In 1948, a corpse of an unidentified man was found near Somerton Park Beach, Australia. The body had no injuries and was in perfect condition; however, the labels of the clothing were all missing. Months after the body was found, a scrap of paper was discovered from a secret pocket of the dead man’s trouser. This piece of paper had the words “Tamam Shud” printed on it. The words are Persian, and they mean “is over” or “is finished.” The paper was torn out of a copy of a book called “Rubaiyat of Omar Khayyam.” 

After discovering this scrap of paper, a police appeal was made, which led the police to the copy from which the scrap was torn. The book had a telephone number, an unidentified number, and a text that looked like an encrypted message on its back cover. However, the code was never interpreted or decoded enough to satisfy the investigation. The case was called “one of Australia’s most profound mysteries,” and no one ever got to know who that man was and how he died. 

Some people believe that the unidentified person may be a spy, while others believe it was suicide. However, there has been no further investigation into this case, and until there may be some break in the case, the gravestone of the Somerton man will remain reading “Here lies the unknown man who was found at Somerton Beach December 1, 1948.”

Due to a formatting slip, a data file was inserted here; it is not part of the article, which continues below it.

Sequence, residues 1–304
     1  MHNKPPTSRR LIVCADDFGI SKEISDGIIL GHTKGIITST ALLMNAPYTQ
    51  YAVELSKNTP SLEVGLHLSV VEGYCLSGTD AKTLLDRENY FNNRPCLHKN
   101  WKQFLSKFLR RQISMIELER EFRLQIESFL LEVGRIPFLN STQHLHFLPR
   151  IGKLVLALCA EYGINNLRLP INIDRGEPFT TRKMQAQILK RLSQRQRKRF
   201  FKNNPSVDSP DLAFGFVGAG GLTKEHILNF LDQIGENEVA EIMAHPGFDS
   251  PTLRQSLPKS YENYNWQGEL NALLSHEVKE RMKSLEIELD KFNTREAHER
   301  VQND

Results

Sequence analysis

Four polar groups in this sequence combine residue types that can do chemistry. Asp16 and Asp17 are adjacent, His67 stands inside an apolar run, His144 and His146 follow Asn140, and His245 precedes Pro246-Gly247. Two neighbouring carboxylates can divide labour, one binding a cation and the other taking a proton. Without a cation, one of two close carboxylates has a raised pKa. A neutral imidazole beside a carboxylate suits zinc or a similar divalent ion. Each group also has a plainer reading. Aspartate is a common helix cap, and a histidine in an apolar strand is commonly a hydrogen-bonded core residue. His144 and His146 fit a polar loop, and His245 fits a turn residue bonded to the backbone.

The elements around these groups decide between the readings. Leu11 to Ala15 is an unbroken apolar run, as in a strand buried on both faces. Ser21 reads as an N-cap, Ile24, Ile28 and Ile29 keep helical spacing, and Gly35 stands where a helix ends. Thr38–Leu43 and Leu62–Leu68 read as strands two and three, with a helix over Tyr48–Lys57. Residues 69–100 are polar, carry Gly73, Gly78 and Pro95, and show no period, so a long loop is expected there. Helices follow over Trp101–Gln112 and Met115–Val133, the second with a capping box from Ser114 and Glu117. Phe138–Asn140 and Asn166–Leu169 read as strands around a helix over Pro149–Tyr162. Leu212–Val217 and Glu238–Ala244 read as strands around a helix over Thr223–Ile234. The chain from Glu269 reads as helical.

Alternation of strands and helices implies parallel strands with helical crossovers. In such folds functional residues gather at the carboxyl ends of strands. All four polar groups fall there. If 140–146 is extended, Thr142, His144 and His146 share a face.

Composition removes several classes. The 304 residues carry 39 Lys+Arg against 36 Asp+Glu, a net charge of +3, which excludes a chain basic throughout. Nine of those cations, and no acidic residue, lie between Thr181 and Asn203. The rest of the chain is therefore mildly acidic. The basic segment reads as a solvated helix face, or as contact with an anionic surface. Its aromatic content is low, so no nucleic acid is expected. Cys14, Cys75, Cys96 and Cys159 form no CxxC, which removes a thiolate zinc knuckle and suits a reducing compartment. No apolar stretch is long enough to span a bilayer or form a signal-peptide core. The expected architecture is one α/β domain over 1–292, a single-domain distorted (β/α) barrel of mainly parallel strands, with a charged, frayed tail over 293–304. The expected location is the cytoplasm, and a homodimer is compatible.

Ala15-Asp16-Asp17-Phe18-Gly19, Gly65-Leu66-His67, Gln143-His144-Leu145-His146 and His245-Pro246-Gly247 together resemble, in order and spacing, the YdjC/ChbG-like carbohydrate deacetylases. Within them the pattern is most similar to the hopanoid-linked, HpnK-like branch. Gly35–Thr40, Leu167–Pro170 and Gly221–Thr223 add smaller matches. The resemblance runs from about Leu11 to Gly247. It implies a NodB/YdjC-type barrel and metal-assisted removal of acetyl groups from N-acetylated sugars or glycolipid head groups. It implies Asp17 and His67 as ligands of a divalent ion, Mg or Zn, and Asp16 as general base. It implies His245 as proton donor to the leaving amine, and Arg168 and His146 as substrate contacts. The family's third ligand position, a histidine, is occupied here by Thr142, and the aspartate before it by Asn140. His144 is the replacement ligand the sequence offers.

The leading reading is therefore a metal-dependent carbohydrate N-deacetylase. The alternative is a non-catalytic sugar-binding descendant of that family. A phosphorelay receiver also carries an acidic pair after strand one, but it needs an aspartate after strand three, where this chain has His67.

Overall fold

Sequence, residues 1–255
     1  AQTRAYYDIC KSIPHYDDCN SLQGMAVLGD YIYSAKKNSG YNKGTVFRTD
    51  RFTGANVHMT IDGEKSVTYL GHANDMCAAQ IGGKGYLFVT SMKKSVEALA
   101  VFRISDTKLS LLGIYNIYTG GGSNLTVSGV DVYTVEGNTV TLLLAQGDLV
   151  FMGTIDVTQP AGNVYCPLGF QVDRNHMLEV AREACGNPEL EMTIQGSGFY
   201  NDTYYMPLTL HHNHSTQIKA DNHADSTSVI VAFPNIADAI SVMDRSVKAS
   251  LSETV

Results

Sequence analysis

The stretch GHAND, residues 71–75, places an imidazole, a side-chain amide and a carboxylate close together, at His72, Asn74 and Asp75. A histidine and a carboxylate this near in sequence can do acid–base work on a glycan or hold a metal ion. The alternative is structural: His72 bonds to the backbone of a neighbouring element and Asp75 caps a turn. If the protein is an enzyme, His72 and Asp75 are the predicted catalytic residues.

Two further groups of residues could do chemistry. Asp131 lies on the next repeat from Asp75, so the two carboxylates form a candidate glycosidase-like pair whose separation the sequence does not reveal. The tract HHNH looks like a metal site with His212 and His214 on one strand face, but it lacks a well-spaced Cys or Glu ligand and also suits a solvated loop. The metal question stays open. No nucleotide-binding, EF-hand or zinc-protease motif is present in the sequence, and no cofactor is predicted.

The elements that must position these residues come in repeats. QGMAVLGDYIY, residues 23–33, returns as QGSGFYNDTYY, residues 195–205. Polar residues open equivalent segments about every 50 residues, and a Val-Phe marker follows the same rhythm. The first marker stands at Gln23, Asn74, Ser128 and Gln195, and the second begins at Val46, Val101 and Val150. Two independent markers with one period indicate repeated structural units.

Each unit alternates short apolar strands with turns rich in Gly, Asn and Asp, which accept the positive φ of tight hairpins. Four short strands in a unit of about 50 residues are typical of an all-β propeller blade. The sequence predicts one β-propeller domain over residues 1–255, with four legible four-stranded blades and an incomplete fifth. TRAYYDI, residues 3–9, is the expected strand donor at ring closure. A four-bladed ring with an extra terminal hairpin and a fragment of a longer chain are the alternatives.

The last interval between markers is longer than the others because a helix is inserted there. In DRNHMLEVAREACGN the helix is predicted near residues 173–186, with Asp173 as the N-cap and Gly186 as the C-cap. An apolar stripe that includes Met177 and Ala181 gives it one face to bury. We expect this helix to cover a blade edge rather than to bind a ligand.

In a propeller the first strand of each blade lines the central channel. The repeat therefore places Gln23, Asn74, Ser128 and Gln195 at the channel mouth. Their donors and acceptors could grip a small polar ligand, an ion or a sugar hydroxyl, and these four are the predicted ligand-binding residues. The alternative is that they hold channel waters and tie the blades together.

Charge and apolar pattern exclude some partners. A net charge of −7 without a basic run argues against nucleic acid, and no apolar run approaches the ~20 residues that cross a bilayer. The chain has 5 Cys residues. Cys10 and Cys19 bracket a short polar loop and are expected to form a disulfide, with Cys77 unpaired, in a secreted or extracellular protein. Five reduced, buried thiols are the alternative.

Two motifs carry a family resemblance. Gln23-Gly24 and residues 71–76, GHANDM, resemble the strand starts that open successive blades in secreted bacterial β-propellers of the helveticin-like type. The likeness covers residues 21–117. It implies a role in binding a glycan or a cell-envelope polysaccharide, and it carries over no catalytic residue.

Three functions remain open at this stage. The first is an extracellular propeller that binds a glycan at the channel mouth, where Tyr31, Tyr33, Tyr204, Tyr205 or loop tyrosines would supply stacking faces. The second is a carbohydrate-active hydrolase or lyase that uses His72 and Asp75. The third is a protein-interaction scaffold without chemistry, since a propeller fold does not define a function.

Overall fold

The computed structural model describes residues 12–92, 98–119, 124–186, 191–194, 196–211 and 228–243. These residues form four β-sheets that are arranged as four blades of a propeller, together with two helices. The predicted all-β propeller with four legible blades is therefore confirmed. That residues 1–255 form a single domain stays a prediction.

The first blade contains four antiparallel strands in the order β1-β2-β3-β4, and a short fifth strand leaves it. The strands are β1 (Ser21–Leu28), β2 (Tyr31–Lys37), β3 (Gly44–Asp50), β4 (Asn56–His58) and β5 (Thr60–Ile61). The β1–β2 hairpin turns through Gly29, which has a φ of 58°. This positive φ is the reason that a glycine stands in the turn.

5. The Jeannette DePalma case 

Jeannette DePalma was a 16-year-old school-going girl whose death was never solved. Most people believe that DePalma was killed by a coven of witches who used her as human sacrifice. Her body was found on a cliff in Springfield covered with occult symbols after a dog brought a decomposed forearm home. 

The details of this case were lost because of a flood. However, the local newspapers report that police couldn’t find anything because of the badly decomposed body. It is believed that DePalma might have provoked a Satanist group while trying to evangelize them. But it is still not confirmed whether it was a coven of witches, Satan worshippers, or some other killer who killed DePalma. 

6. Elizabeth Short (Black Dahlia)

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Elizabeth Short was a Hollywood hopeful who worked as a waitress to support herself until she caught her big break, but that day never came. In 1947, the 22-year-old was found naked and lying feet away from the sidewalk, whose body was severed cleanly in half with not one drop of blood on her. A resident who found her dead body initially thought it was a discarded store mannequin as her skin was pallid white. Her corpse was even “posed,” with her hands over her head, elbows bent at the right angles, and legs spread apart.